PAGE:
RN42 Bluetooth on Photon disconnecting

My Photon weather station sends data to a serial LCD display via a pair of RN42 (Sparkfun BlueSmirf Gold) modules. Normally, this works very well but a couple of times a month, the connection mysteriously drops and both modules start flashing red. I have to manually connect to the Photon’s RN42 from my phone’s Bluetooth terminal app, put the RN42 into command mode, and then reboot it (“R,1”). That’s a pain.

I have it in auto mode so it immediately recoonects upon booting. But I’d like the Photon to reboot the Bluetooth automatically when the connection drops. But how to do that?

The RN42 manual shows a GPIO pin, GPIO2 that does exactly what I want. When this pin is high, the device is connected. When it’s low, it’s disconnected. I could have the Photon monitor this and send a R,1 whenever GPIO2 goes low. Unfortunately, on the RN42 all the GPIO “pins” are virtual and their state can only be accessed via the UART. But that’s busy sending data. The Photon happily continues to send data to the RN42 even after the connection drops.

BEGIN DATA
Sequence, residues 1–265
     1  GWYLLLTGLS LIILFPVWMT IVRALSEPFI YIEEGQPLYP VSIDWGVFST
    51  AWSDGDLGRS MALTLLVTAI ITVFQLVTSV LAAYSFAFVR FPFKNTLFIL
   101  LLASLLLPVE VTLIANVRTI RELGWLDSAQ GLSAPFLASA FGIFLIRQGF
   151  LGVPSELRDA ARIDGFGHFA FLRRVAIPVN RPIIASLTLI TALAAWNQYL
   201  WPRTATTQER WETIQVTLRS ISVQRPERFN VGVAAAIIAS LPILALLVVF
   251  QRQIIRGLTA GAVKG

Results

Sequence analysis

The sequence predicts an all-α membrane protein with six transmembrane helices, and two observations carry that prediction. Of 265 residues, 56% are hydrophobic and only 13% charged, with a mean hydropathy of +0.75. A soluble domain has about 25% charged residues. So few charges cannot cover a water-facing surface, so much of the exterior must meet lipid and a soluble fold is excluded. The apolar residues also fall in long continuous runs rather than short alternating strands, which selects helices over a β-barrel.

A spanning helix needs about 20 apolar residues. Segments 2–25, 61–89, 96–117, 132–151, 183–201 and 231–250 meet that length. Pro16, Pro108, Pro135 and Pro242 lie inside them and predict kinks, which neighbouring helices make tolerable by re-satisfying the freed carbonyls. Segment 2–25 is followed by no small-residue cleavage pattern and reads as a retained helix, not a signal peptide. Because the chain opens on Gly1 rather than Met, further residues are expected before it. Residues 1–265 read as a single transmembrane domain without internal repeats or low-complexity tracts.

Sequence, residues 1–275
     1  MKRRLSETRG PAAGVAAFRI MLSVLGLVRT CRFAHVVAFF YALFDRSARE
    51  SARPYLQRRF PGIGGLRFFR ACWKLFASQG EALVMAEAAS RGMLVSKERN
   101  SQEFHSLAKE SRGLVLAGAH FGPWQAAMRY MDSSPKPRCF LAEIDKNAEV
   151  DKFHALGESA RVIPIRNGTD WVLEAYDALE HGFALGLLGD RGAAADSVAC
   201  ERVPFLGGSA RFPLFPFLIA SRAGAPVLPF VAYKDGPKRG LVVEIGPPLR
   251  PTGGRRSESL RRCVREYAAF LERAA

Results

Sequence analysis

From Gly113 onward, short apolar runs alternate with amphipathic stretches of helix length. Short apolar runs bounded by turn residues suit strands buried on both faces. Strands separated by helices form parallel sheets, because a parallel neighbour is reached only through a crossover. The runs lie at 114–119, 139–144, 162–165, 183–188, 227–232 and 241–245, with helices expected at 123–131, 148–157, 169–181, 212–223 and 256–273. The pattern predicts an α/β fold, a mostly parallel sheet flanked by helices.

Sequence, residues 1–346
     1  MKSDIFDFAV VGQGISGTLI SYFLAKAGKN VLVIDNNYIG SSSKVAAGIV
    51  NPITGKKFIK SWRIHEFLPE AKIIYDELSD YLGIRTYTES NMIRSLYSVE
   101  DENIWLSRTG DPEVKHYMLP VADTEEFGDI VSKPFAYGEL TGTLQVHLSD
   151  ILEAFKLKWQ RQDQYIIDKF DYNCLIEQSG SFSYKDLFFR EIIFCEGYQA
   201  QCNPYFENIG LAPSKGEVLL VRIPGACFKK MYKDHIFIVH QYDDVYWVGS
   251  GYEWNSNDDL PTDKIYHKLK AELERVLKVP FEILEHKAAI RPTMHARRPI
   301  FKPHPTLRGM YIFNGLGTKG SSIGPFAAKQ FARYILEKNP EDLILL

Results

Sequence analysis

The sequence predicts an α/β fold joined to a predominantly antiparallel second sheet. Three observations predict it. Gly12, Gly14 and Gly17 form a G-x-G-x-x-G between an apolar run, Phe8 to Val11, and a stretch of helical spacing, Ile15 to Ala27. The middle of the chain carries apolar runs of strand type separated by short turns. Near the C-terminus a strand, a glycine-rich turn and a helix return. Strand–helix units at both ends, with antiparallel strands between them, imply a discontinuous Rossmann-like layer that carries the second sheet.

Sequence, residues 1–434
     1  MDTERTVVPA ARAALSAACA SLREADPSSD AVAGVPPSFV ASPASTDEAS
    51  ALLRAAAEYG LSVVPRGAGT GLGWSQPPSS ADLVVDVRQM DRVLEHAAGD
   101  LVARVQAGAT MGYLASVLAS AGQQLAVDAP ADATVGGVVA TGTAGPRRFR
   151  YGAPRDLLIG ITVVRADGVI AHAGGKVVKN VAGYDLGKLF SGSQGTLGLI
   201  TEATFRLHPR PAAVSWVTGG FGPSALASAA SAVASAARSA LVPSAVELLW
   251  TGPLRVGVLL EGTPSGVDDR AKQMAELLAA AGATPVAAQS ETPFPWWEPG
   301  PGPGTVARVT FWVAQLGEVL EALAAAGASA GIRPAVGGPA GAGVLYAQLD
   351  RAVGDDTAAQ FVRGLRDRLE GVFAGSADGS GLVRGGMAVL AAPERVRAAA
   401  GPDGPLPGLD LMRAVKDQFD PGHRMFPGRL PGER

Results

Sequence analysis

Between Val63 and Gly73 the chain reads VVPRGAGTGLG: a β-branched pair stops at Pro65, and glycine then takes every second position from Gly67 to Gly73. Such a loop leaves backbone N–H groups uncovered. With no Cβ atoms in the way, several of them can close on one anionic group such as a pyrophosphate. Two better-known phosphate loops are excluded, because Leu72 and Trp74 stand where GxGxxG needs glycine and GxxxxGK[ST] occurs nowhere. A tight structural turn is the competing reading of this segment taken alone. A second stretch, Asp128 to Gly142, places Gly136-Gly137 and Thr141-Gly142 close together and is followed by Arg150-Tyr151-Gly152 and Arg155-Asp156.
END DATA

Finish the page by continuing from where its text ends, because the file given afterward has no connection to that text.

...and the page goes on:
It’s not really an option to continually put the RN42 in command mode to check for an event that only happens a few times a month. The manual doesn’t give a command to read GPIO2 anyway. So is there any way to read GPIO2 out of band on the RN42?

One thing I thought of would be to just connect RX to TX on the receiving RN42 to echo all its received data back out and then periodically do a serial.read on the Photon. If that fails, then the connection has been lost. Would that work? Is there a better way?


I always hate answering my own posts but here goes. In the absence of any other suggestions, I will simply break out GPIO2 myself by tacking a short piece of wirewrap wire directly to the pin on the chip. Digikey sells RN42’s with all the pins broken out, but this is cheaper. Unless I ruin it in which case I’ll then just get the Digikey version anyway.

I also found buried in the manua a command that returns the connection status: GK. That’s still not as good as reading the GPIO pin because you have to interrupt the data flow to put the device in command mode.